A1X No. 751 in SECR lined green
A1X No. 2644 in Southern post 1931 lines Olive Green
A1X No. 32661 in BR lined black with late crest
The tooling will allow eventually for most variations of the A1, A1X and IOW variants of the locomotive to be produced, including two cab/bunker types, two smokebox/boilers. Wooden and metal brake rigging where appropriate.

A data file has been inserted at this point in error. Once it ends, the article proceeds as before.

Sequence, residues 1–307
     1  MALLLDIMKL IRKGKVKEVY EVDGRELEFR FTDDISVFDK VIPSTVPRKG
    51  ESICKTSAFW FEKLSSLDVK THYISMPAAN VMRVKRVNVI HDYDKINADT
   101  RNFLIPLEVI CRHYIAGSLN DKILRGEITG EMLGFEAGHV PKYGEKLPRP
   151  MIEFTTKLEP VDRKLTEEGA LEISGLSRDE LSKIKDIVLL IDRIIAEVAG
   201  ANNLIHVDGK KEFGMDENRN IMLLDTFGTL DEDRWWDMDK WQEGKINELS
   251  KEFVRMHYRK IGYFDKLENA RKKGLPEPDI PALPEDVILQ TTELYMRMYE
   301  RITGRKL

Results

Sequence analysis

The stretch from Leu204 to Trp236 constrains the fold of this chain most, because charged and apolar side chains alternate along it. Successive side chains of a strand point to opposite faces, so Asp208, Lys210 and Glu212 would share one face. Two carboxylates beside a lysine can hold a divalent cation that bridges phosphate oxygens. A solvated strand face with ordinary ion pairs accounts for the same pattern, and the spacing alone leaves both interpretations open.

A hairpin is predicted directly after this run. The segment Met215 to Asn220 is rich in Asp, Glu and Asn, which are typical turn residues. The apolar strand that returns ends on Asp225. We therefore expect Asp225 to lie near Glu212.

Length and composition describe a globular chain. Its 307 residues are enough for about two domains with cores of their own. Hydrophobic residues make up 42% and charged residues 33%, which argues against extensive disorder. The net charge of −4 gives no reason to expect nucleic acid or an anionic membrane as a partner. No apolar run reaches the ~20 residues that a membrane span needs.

The announced specification includes:
Diecast chassis and running plate
Detailed plastic moulded body
Many separately fitted parts
Diecast wheels with sprung centre driving wheels to give compensation providing all wheel electrical pick up and better traction
DCC and sound Ready with easy access through a removable body which exposes a NEXT-18 socket
DCC and DCC Sound Fitted variants using Dapol’s own sound recording of 32678 on the Kent and East Sussex Railway
Powerful 5 pole skew wound motor
Factory sound fitted locomotives will feature RealDrive braking control